I think that Mike Giarlo and Michael Witt used the FAST AutoSuggest as
part of their databib project . But are you talking about bringing
the data down for a local index?
On Tue, Jan 29, 2013 at 4:45 PM, Bill Dueber <[log in to unmask]> wrote:
> Has anyone created a nice little wrapper around FAST? I'd like to test out
> including FAST subjects in our catalog, but am hoping someone else went
> through the work of building the code to do it :-) I know FAST has a web
> interface, but I've got about 10M records and would rather use something
> On Tue, Jan 29, 2013 at 4:36 PM, Ed Summers <[log in to unmask]> wrote:
>> Hi Kyle,
>> If you are thinking of doing name or subject authority control you
>> might want to check out OCLC's VIAF AutoSuggest service  and FAST
>> AutoSuggest . There are also autosuggest searches for the name and
>> subject authority files, that are lightly documented in their
>> OpenSearch document .
>> In general, I really like this approach, and I think it has a lot of
>> potential for newer cataloging interfaces. I'll describe two scenarios
>> that I'm familiar with, that have worked quite well (so far). Note,
>> these aren't IR per-se, but perhaps they will translate to your
>> As part of the National Digital Newspaper Program LC has a simple app
>> so that librarians can create "essays" that describe newspapers in
>> detail. Rather than making this part of our public website we created
>> an Essay Editor as a standalone django app that provides a web based
>> editing environment, for authority the essays. Part of this process is
>> linking up the essay with the correct newspaper. Rather than load all
>> the newspapers that could be described into the Essay Editor, and keep
>> them up to date, we exposed an OpenSearch API in the main Chronicling
>> America website (where all the newspaper records are loaded and
>> maintained) . It has been working quite well so far.
>> Another example is the jobs.code4lib.org website that allows people to
>> enter jobs announcements. I wanted to make sure that it was possible
>> to view jobs by organization , or skill  -- so some form of
>> authority control was needed. I ended up using Freebase Suggest 
>> that makes it quite easy to build simple forms that present users with
>> subsets of Freebase entities, depending on what they type. A nice side
>> benefit of using Freebase is that you get descriptive text and images
>> for the employers and topics for free. It has been working pretty well
>> so far. There is a bit of an annoying conflict between the Freebase
>> CSS and Twitter Bootstrap, which might be resolved by updating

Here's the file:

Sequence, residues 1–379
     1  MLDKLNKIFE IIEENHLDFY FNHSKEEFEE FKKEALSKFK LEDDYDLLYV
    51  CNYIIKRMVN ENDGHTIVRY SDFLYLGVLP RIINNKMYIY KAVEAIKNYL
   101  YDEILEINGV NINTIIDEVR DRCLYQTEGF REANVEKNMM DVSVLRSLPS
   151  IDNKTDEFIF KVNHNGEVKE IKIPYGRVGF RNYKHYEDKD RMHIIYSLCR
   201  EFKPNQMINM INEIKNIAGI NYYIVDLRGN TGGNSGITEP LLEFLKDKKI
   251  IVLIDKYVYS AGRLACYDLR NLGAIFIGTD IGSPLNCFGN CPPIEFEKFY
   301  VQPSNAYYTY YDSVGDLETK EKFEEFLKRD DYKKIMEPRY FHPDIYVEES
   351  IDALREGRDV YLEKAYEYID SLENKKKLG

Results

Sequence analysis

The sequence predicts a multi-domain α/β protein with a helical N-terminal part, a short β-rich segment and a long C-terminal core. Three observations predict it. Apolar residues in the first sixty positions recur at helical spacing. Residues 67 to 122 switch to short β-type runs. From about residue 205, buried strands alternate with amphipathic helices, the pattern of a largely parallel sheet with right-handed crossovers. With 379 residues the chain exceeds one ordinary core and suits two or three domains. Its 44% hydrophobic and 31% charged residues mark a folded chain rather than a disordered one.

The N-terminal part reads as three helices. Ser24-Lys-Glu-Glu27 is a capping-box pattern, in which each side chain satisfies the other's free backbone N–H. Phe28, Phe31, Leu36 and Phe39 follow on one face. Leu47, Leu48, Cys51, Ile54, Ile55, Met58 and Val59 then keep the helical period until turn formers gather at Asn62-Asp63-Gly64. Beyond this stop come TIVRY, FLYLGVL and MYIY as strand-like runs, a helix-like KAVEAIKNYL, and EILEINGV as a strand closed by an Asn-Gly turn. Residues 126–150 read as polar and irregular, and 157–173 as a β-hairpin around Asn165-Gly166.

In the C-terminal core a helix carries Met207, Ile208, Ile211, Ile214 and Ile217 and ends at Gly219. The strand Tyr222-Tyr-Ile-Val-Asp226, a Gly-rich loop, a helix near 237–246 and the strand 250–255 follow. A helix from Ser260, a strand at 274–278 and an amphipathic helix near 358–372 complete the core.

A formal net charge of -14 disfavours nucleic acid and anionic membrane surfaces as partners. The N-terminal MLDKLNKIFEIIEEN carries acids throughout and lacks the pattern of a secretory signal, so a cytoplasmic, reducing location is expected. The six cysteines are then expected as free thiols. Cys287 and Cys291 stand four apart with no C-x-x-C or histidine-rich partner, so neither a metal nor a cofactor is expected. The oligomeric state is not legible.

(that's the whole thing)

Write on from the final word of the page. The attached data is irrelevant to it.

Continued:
>> Bootstrap. Also, I've noticed Freebase's service slowing down a bit
>> lately, which hopefully won't degrade further.
>> The big caveat here is that these external services are dependencies.
>> If they go down, a significant portion of your app might go down to.
>> Minimizing this dependency, or allowing things degrade well is good to
>> keep in mind. Also, it's worth remembering identifiers (if they are
>> available) for the selected matches, so that they can be used for
>> linking your data with the external resource. A simple string might
>> I hope this helps. Thanks for the question, I think this is an area
>> where we can really improve some of our back-office interfaces and
>>  http://experimental.worldcat.org/fast/assignfast/
>>  http://id.loc.gov/authorities/opensearch/
>>  http://chroniclingamerica.loc.gov/about/api/#autosuggest
>>  http://jobs.code4lib.org/jobs/ruby/
>>  http://wiki.freebase.com/wiki/Freebase_Suggest
>> On Tue, Jan 29, 2013 at 11:59 AM, Kyle Banerjee <[log in to unmask]>
>> > How are libraries doing this and how well is it working?
>> > Most systems that even claim to have authority control simply allow a
>> > controlled keyword list. But this does nothing for the see and see also
>> > references that are essential for many use cases (people known by many
>> > names, entities that change names, merge or whatever over time, etc).
>> > The two most obvious solutions to me are to write an app that provides
>> > information interactively as the query is typed (requires access to the
>> > search box) or to have a record that serves as a disambiguation page
>> > not be noticed by the user for a variety of reasons). Are there other
>> > options, and what do you recommend?
>> > Thanks,
>> > kyle
> Bill Dueber
> Library Systems Programmer
> University of Michigan Library